Reality television is a huge part of contemporary program scheduling and has grown vastly over the last decade, particularly with the arrival of Big Brother in the early noughties.
As a Boulevarider, reality TV first entered my sphere in the late 1980s when reruns were shown of the 1970s show, The Family. It was then called a fly-on-the-wall documentary and followed the Wilkins’ family from Reading, originally made and screened in the 1970s. We followed their daily lives and viewed everything – warts and all. It felt so voyeuristic and I watched with wonder at their transparency, and entered their homes and existences. Today we might refer to it as car crash viewing but then it felt fresh, innovative and just so exposing.
I forgot about the format as it seemed to disappear and pressed through the 1990s and was aware of the format again with the first UK series of Big Brother. My flatmate had recommended that we watch it. We were glued from the first episode. I lived the ups and the downs and was instantly taken with the sheer pantomime. Who remembers Nick from the first series? I literally despised him and championed Craig who exposed his scheming! As soon as the series ended I was looking for the next.
Big Brother grew with the second series, as did my viewing pleasure. I carried on as a devoted fan through to series eight and partially watched series nine and ten. At the height of its popularity and my excitement I would throw Big Brother parties and invite friends who were also addicted to drink and BBQ while we watched the final few housemates emerge. We had shock, anger, tears and laughter and enjoyed every moment.
It seemed that the success of Big Brother and other shows, such as Survivor, catapulted the genre into the juggernaut it is today.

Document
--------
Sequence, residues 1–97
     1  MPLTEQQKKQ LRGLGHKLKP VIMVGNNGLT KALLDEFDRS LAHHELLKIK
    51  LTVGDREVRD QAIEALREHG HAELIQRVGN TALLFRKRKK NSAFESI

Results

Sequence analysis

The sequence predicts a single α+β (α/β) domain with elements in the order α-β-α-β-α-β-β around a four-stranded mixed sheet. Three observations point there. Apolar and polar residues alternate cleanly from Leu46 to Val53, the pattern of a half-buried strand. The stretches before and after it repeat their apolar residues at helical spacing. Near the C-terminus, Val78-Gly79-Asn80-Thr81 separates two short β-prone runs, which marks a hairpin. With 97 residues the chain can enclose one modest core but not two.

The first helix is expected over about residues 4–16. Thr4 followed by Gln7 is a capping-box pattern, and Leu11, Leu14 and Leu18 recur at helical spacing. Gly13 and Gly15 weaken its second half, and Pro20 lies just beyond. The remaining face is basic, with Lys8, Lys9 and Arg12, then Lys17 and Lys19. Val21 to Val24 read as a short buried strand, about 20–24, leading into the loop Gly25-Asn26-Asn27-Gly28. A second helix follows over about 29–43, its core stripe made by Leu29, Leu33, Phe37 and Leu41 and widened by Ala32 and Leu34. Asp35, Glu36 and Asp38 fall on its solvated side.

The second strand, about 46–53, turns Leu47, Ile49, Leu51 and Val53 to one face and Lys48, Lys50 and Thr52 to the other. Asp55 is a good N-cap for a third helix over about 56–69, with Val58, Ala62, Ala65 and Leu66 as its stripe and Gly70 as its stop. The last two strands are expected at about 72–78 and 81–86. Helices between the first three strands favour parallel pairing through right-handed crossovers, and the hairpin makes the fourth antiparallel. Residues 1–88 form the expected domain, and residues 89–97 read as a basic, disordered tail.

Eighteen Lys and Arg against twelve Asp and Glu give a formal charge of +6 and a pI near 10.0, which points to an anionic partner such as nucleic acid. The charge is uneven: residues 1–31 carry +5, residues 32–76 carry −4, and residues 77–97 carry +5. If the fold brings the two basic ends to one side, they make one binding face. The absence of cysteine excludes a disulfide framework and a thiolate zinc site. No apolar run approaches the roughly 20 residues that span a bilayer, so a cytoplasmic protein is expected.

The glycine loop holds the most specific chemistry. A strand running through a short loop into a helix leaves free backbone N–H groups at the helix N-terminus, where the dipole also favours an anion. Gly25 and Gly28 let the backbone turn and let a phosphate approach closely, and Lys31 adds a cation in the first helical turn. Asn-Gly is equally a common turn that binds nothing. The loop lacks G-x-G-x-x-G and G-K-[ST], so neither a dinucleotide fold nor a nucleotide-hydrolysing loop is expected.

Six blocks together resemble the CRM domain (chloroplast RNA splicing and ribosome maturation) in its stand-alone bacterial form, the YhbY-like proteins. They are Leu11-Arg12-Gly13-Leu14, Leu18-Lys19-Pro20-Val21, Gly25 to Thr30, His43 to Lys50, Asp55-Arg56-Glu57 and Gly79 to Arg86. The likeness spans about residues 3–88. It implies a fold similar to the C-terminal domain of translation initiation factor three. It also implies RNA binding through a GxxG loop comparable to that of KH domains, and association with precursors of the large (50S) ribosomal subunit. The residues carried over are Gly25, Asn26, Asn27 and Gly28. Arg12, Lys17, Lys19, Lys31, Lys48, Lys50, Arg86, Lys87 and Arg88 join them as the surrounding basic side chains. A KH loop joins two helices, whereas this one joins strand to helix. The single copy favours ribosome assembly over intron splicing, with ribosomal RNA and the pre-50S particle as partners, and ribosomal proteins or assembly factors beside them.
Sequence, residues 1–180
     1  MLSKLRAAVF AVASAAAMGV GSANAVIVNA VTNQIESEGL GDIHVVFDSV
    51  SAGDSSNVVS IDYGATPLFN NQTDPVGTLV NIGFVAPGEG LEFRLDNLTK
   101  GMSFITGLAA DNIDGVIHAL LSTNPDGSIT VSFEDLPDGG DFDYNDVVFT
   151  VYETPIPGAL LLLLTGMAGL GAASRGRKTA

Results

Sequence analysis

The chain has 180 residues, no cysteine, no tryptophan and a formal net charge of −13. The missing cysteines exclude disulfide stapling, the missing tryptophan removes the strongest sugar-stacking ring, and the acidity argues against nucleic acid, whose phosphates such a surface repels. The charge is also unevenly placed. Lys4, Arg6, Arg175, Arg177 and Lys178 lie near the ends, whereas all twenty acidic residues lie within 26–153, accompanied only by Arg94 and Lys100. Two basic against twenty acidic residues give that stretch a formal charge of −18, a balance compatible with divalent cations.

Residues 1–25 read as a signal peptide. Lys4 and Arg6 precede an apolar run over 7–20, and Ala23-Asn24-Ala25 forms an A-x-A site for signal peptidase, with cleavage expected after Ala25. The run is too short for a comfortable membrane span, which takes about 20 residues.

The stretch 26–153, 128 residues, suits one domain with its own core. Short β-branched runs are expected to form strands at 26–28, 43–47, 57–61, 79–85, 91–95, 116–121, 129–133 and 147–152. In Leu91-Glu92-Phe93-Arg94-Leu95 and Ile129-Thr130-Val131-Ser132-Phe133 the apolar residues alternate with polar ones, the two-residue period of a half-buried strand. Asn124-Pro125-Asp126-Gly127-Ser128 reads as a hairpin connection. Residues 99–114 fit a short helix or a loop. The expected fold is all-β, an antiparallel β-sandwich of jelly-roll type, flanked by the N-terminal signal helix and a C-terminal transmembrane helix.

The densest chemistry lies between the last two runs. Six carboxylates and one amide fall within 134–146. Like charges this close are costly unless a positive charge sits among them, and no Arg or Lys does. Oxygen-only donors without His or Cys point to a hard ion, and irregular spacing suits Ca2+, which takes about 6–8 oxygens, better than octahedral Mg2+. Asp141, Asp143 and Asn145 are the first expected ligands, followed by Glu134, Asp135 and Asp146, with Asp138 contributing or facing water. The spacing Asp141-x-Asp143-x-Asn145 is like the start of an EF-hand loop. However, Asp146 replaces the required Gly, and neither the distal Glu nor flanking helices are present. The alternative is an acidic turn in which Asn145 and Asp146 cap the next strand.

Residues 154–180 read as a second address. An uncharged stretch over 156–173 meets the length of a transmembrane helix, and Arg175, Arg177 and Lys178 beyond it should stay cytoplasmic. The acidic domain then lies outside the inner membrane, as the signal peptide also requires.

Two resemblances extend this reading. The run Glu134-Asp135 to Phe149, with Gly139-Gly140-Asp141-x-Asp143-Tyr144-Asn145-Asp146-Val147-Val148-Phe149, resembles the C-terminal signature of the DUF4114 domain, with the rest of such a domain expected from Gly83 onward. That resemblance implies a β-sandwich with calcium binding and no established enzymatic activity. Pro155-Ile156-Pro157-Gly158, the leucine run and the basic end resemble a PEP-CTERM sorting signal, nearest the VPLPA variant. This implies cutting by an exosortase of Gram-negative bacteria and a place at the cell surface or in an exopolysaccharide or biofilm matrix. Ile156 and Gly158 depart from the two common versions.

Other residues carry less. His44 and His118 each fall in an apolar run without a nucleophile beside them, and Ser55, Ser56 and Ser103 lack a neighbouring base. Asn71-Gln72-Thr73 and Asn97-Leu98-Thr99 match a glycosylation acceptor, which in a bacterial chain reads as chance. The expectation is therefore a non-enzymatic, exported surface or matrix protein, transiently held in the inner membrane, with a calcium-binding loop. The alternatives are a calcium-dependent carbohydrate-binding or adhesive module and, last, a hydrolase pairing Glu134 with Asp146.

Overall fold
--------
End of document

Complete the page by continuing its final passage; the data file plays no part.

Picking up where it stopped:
Talent shows like Pop Idol and The X Factor have maintained mainstream appeal.
However, a percentage of the mainstream has fallen out of love with reality television. There is not the same excitement among friends when new series start and the Facebook chat has slowed down also. I however, stay excited and shocked in equal measure at the shenanigans these shows portray. I completely immerse and believe everything I see. Well I believe while I am watching anyway.
When asked why I watch such shows I tend to attempt a response which provides intellectual reasoning.
‘I think it’s an anthropological study.’ or
‘The insight psychologically is amazing!’
While this reasoning is true and I hope gives me credibility, I also love the characters and their tomfooleries.
I can’t live without The Kardashians or Honey BooBoo. How could I sleep if I didn’t know the latest goings on in LA and rural Georgia?
The Hills started faux reality TV where most of the events are true but accentuated and some scenes are set up for our viewing pleasure. This resulted in UK versions such as TOWIE, Made in Chelsea and Desperate Scousewives. I loved them all. My excitement for TOWIE has waned and Desp Scousers was cancelled, but Made is Chelsea is still epic viewing. I don’t care if some of the scenes are staged. It makes for better viewing.
I wrote recently about Catfish which is also a recent and unique reality show.
I have a mini-obsession with the Real Housewives of Everywhere: Atlanta, New Jersey, New York, Beverly Hills, Orange County and Vancouver. The lives of these women and their friends and families are extraordinary and certainly eye opening. They constantly fall out. They create villains and heroes. And as the shows have progressed, we have seen how changes in the world economy have really affected, in particular, the Real Housewives of Orange County.
I think this genre is missing from any UK reality TV and I sent a pitch to reality TV production companies last year and am thinking about another.
The first was Bonkers in Berko and centred around a group of friends who live in and around Berkhamsted. I wanted to recommend a show which followed the lives of a group of cool, eventful forty year olds (mostly) as opposed to the twenty somethings who are the common modern reality fodder. I wanted to show that us forties aren’t all Horlicks and PJs.
No responses. Don’t they know a hit when they see it? Unfortunately a few of the would-be stars of the show, my cast, also said they weren’t as keen to appear as I was. Are they mad! It would have been a phenomenon.
More recently I thought of a new show which could be called, The Real but Displaced Boulevardiers of London. I’m pretty sure it would be a fantastic show. Don’t you? I need to find more candidates and build it into a pitch. Surely the production companies wouldn’t miss two hit shows in a row!
I’ll keep you all posted.